It’s hard to pinpoint exactly when I started to feel better because the relief was gradual, but I noticed it more in what was I was able to do again. One day, I reached up to grab a glass down from the cupboard. After months of having to sleep on my back with my arms propped up with pillow, I woke up sleeping on my stomach. And, most importantly, I could take my dog for a walk again and get back in the kitchen and bake.
One big struggle during my recovery was learning to pace myself. I wanted nothing more than to return to my former life — the one that existed before I got sick. Aside from time for doctor’s appointments, I never took any time off work. I kept working full-time, but if I stayed up too late a few nights in a row, I’d pay for it by being too tired to do much other than lounge on the couch all weekend. Even if I did wake up feeling good on the weekend, I’d try to get as much done as possible and then, again, pay for it later.
Slowly, through much trial and error, I found my limitations and learned to recognize my body’s warning signs to slow down. Getting sick forced me to reevaluate my life and where I spent my time. I can still do everything I used to do, but at a different pace.
There were two turning points in my recovery that stand out as milestones in regaining my sense of self. One was being well enough to get back to the rock climbing gym. The other, most significant milestone was being able to bake again.
The kitchen has always been my happy place. I made my first solo batch of cookies when I was 8 years old. Whenever I am stressed, sad, mad, or even happy, I bake.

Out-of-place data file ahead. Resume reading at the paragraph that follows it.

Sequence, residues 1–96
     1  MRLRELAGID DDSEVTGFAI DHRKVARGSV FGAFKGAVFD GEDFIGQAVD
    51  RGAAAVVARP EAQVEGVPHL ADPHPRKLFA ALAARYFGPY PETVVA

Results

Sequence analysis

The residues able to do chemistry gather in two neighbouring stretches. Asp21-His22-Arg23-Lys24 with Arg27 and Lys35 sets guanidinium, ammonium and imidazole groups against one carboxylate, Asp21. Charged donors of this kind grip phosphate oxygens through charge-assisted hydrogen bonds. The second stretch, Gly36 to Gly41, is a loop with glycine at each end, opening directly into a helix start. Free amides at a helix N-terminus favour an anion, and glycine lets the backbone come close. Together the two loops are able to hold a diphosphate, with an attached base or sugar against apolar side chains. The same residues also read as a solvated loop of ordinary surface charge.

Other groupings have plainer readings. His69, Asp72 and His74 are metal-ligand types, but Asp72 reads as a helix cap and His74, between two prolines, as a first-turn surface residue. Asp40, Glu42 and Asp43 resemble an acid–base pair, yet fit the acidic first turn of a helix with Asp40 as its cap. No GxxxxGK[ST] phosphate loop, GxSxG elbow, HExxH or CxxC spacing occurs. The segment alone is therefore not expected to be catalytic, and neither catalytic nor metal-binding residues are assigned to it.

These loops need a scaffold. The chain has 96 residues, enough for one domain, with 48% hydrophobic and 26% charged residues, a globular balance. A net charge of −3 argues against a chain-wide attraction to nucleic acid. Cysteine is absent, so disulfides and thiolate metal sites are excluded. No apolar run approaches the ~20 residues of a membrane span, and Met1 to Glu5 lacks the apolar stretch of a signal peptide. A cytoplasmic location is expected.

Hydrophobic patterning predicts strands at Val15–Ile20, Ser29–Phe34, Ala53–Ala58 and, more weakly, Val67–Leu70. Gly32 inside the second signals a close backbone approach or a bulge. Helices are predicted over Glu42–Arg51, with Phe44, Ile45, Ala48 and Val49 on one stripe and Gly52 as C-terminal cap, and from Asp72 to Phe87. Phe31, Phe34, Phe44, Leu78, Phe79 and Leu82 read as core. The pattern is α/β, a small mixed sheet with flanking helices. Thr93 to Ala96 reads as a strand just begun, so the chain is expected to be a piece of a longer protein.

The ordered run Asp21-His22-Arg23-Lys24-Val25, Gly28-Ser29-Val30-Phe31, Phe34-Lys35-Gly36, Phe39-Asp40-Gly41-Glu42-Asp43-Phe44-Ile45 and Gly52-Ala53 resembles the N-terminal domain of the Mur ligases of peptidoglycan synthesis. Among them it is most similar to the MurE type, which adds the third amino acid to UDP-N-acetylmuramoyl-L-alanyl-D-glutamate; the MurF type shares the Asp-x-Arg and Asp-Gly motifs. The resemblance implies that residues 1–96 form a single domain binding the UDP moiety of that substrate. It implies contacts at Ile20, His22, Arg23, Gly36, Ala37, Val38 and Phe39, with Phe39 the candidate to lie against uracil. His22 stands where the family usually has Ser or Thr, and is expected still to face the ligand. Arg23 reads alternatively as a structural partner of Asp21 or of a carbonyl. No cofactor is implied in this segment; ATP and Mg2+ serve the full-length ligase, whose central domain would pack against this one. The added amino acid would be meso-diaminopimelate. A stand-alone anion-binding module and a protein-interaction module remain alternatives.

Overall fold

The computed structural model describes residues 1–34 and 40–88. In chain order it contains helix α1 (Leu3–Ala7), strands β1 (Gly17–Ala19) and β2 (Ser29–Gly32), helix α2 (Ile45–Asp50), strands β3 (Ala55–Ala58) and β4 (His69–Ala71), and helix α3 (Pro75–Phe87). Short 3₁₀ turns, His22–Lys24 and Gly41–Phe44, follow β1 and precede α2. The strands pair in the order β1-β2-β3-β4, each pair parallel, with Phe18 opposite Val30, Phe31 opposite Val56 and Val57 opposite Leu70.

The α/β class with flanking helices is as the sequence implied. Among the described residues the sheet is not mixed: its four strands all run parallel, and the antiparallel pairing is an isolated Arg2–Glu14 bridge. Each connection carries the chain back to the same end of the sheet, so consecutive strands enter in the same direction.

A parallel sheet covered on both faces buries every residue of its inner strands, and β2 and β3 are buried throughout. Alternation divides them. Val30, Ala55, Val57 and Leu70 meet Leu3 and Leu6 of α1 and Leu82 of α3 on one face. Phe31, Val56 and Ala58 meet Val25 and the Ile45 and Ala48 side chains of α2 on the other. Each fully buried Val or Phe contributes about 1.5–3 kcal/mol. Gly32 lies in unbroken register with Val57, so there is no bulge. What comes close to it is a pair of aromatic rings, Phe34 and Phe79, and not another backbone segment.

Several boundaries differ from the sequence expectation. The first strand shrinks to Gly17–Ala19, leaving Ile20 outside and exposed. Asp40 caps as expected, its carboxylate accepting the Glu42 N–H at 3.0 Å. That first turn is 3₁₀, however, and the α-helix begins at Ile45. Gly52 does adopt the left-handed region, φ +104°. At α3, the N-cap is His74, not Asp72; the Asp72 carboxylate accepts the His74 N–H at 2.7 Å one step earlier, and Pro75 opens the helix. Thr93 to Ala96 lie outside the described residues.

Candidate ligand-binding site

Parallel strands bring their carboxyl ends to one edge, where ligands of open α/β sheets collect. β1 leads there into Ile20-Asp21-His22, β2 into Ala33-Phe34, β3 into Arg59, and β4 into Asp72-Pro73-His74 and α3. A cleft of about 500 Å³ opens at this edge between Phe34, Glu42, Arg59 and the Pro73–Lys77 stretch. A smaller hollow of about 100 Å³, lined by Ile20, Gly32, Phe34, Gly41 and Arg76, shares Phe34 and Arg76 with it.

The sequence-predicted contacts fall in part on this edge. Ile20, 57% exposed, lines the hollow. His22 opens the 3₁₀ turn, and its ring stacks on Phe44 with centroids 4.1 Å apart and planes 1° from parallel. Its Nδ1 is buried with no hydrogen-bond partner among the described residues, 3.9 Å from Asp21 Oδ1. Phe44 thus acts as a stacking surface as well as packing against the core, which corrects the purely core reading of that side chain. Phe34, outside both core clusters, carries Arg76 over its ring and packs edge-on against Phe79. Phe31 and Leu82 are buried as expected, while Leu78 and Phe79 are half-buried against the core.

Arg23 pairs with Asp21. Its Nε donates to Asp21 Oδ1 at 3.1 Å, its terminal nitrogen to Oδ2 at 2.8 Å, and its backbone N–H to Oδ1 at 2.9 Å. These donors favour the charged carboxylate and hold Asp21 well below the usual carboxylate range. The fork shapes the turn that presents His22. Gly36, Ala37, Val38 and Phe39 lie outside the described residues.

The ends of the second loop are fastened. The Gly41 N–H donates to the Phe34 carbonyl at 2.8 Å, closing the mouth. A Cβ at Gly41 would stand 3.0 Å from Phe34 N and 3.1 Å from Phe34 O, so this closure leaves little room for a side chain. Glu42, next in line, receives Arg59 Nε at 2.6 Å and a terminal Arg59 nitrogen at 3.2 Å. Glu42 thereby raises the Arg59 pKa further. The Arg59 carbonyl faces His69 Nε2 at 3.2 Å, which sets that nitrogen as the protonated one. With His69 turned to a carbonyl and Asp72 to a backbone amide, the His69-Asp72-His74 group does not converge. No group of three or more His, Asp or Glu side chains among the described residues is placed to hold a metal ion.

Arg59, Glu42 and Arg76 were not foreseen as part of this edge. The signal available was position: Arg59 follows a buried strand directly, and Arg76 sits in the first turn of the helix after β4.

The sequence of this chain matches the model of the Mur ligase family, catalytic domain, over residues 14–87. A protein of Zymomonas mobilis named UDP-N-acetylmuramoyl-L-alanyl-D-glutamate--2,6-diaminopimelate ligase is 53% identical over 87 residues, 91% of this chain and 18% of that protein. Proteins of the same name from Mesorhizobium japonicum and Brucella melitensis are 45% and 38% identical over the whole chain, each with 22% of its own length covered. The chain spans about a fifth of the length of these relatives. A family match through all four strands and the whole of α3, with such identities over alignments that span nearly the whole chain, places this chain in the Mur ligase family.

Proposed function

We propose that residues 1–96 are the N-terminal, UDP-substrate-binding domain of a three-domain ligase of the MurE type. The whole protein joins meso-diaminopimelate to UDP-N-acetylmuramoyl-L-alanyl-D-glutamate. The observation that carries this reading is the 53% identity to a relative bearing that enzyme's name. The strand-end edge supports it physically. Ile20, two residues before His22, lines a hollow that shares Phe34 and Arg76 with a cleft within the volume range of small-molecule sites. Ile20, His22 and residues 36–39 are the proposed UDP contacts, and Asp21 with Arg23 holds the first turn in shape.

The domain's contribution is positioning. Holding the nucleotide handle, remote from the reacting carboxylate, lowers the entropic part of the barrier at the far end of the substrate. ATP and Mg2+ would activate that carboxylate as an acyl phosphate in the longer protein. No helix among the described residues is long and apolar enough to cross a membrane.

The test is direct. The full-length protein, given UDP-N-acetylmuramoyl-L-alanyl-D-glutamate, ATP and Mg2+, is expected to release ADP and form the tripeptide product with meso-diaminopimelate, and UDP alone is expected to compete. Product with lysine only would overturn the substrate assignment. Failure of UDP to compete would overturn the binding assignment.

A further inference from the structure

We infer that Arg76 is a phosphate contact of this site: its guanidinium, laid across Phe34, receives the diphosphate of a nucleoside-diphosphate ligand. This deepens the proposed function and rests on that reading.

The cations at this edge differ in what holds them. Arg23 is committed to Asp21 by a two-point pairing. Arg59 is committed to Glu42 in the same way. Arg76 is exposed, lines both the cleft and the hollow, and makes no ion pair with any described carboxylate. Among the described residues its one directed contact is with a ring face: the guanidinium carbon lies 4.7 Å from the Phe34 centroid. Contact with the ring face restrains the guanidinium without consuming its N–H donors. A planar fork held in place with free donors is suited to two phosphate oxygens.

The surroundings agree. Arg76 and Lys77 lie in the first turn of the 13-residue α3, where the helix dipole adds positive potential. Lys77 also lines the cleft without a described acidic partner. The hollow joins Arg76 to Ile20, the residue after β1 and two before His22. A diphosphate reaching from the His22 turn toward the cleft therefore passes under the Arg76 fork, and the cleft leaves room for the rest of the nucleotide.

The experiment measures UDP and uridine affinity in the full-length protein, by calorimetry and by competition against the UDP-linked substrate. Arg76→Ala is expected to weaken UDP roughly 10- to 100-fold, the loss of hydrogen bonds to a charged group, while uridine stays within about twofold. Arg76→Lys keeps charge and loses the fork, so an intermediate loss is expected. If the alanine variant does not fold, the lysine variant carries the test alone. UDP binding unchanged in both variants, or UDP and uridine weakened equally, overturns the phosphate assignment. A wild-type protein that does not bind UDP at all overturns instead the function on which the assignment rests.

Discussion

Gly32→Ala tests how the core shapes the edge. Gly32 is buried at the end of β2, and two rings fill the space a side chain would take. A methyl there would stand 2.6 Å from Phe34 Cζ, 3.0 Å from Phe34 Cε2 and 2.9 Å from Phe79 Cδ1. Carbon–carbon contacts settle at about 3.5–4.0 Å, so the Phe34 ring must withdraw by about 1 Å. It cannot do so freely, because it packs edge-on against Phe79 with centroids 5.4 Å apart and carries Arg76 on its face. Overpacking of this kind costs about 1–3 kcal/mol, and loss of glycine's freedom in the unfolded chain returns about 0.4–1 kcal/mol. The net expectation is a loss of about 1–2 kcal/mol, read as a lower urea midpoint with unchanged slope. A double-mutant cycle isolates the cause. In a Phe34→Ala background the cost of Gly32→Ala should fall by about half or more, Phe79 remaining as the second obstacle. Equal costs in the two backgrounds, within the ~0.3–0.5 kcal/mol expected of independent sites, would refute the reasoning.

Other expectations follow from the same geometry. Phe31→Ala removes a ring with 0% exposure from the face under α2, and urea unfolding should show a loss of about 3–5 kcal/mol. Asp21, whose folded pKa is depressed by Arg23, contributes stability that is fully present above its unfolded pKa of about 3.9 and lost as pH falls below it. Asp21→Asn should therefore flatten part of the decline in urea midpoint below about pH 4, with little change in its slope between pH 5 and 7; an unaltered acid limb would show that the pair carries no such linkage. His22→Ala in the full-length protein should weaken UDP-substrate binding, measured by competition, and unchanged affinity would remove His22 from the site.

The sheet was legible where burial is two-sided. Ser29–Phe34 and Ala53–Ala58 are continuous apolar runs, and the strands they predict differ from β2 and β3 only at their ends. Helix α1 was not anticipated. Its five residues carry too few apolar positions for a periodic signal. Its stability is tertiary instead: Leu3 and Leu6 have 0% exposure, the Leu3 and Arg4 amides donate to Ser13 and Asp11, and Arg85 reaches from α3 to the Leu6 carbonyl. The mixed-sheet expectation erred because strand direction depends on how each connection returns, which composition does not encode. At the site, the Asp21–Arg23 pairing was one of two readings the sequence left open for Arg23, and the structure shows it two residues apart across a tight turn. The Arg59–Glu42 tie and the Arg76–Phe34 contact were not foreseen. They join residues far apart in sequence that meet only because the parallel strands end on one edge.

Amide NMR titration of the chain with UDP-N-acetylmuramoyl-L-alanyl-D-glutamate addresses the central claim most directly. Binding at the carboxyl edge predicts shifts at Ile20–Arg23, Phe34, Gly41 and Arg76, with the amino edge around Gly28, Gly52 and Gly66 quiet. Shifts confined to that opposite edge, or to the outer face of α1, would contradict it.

For me, one of the most frustrating parts of getting sick was not being able to cook or bake. Between the pain in my wrist and shoulders, I couldn’t hold a knife, let alone knead dough or lift pans in and out of the oven.
It wasn’t until Christmas, about four months after starting treatment, that I was finally able to get back into the kitchen. Over the winter, as my energy started to return in greater quantities, I spent more and more time in the kitchen. I started small — a batch of cookies here, a cake there — and then started tackling more complex recipes.
Focusing on a recipe allows me take my mind off of everything else. During a rough patch this past summer, I threw myself into learning how to make sourdough from scratch in an attempt to take my mind off of what was going on with my body.
Instead of using commercial yeast to speed up the bread-making process, sourdough uses natural yeast that you have to cultivate yourself. To do this, you mix together flour and water and let it rest at room temperature for a few days to allow wild yeasts to start growing. Once you have an active starter (easier said than done), you are ready to start baking with it. It is this starter that leavens the bread.
My first attempt at creating a starter failed spectacularly, but my second attempt was successful. By the end of July, I was ready to go. I made my first two loaves in August and have been baking a batch every two weeks ever since.
This February marks two years since I first began noticing symptoms. It’s been a rollercoaster, but I’ve learned about myself in the process.
I’ve learned to slow down and listen to my body. I’ve learned to prioritize the things that matter and are worth my time and energy, and to ditch the things that do not. If I could give advice to anyone just starting this journey, it would be to identify the things that make you feel like you and make them a priority. For me, it was baking. These are the things that will make you feel the most like yourself again.